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Plastic a new anthropogenic component of the geological cycle: its chemical and physical behaviour and transformation


Project Description

This project will use a suite of cutting edge analytical techniques and experimental design to address an important and significant problem: the behaviour of plastics within the geological cycle. A number of recent studies have elucidated the extent of the plastics problem on Earth with now 8.3 billion tons on our planet (Geyer et al. 2017), much of which (between approximately 5-nearly 13 million tons per year) ends up in the ocean (Jambeck et al 2015).

Plastic is a major environmental problem and research issue which has emerged over the last decade: the scale of the problem is huge and getting bigger. To date, focus has been on the biological interactions of this material, but there are significant gaps in our knowledge especially in the area of how plastic behaves as a component of the geological cycle. We do not know how plastics behave as ‘sedimentary’ particles, both macro and micro on land and in rivers, lakes and the sea, how they get deposited and their short and long term fate once deposited and buried.

This research will find out through combining laboratory experiments with fieldwork collecting data on plastics. Laboratory experiments will be a significant focus of the project, and will be designed to model a suite of processes that have the potential to affect how plastic is transported and chemically and physically modified from its journey from land, through to seafloor and beyond. We will focus on just a few of the environmental compartments in which plastic is found. The project involves a high level of problem solving, in that designing suitable experiments to model environmental processes will be a key component followed by testing the applicability of models to plastic collected from the environment. Established protocols for such data collection are not available so the student will be at the vanguard of designing and testing models and their applicability.

The project has two principal strands: one is laboratory based, the other requires fieldwork and collection of plastics; both aspects will require the student to use state-of-the-art chemical analytical equipment to characterize plastics, including Gas Chromatography–Mass Spectrometry (GC-MS) and FTiR, and imaging techniques including scanning electron microscopy and Initinte Focal Microscopy. In the laboratory, robust experimental design will be used to test hypotheses.

Alongside laboratory work there will be opportunities for fieldwork in several environments including rubbish dumps, shorelines and the ocean; some snorkelling/scuba diving (note scuba qualification is not a pre-requisite as most can be collected through snorkelling) may be required to collect plastics. Anticipated fieldwork areas are in either Kenya or Malawi and Egypt or Israel, as well as sites across the UK. Chemical analyses will employ a range of techniques most notably GCMS and textural analyses will use quantitative 3D analyses using methods developed at Leicester (Purnell et al. 2013). Experiments will use flume tank systems to model transport. Plastics in the field will be compared to those used in experiments to assess how closely experiments match real world plastic transformation.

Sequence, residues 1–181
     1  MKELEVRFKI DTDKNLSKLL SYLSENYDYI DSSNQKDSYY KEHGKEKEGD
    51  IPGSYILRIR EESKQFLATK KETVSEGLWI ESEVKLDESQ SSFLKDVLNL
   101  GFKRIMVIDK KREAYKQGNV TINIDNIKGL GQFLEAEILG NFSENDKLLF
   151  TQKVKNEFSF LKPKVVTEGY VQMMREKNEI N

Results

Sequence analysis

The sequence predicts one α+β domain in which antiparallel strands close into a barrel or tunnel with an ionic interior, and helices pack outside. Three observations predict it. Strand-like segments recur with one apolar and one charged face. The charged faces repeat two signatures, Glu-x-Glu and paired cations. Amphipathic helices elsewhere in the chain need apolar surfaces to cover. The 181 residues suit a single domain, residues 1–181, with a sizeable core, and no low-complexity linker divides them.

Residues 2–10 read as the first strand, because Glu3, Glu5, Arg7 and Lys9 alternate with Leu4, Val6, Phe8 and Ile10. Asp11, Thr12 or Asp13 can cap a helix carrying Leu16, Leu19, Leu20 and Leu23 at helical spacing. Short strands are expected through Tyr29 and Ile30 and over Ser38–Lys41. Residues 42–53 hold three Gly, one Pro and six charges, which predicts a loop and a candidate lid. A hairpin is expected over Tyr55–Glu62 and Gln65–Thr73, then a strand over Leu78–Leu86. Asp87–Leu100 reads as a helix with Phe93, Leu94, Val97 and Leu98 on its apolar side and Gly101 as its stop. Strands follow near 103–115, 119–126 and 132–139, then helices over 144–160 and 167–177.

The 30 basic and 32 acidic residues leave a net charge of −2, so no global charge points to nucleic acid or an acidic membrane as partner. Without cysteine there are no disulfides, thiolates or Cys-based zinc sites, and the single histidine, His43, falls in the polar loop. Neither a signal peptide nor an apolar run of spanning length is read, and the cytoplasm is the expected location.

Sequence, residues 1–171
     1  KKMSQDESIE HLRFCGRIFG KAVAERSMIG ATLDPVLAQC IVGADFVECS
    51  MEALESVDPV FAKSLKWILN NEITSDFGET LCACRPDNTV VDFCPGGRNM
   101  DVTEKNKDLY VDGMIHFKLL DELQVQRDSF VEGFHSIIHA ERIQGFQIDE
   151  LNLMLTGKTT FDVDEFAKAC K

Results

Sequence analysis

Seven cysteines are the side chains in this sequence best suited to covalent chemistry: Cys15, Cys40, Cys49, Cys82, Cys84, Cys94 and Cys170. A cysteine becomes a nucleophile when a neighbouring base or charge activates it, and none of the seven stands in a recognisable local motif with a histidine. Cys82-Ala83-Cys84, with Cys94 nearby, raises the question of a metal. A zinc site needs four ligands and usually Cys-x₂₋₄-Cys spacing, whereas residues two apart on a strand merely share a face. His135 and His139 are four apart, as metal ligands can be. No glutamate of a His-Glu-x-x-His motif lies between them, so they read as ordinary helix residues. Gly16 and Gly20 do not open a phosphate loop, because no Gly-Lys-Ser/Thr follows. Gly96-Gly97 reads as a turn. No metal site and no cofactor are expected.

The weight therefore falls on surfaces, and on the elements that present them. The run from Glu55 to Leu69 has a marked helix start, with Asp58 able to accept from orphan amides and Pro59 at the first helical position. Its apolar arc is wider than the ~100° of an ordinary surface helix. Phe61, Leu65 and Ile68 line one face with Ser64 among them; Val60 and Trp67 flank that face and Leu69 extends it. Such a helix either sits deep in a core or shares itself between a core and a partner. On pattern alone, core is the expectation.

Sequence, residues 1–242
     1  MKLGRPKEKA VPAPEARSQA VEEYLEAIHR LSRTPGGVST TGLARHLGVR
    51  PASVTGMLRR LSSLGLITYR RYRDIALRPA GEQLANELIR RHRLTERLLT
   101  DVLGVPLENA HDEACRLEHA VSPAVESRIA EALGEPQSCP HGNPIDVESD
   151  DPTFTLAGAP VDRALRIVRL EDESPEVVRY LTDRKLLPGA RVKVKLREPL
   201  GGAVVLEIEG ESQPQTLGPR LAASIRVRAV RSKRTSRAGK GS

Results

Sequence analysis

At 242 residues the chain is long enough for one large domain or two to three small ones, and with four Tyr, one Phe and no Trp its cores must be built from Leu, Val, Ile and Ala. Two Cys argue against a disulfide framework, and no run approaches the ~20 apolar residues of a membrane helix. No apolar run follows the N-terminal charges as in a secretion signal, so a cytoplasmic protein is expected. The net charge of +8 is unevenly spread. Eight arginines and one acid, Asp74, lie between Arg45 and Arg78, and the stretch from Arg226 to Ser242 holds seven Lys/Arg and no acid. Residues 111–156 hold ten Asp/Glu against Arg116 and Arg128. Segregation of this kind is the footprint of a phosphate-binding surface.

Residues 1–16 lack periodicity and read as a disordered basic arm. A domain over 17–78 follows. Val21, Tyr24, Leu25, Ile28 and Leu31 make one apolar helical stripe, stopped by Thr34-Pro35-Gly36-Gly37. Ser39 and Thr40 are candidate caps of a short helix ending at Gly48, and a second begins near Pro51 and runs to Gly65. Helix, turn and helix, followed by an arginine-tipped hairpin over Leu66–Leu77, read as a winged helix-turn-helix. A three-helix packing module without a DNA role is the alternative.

Prof. Sarah Gabbott has developed a holistic research program that has focused on how we read and interpret fossils through understanding the range of processes that effect how carcasses get in to the fossil record and what they end up being composed of. Dr Arnoud Boom is an organic geochemist and leader in use stable isotopes and mass spectrometry to characterise and interpret biomolecules. Profs. Jan Zalasiewicz and Mark Williams are both world renowned for their work on the Anthropocene and have published both popular science books and high impact journal articles on the subject. Prof Mark Purnell leads research on quantitative textural analysis of teeth and has developed new applications these techniques.

Entry requirements

Applicants are required to hold/or expect to obtain a UK Bachelor Degree 2:1 or better in a relevant subject. The University of Leicester English language requirements apply where applicable.

How to apply

Please refer to the CENTA Studentship application information on our website for details of how to apply.

As part of the application process you will need to:
• Complete a CENTA Funding form – to be uploaded to your PhD application
• Complete and submit your PhD application online. Indicate project CENTA2-GGE17-GABB in the funding section.
• Complete an online project selection form Apply for CENTA2-GGE17-GABB

Funding Notes

This studentship is one of a number of fully funded studentships available to the best UK and EU candidates available as part of the NERC DTP CENTA consortium. The award will provide tuition fees as the UK/EU rate and a stipend at the RCUK rates for a period of 3.5 years.

For more details of the CENTA consortium please see the CENTA website: View Website.

Applicants must meet requirements for both academic qualifications and residential eligibility: View Website

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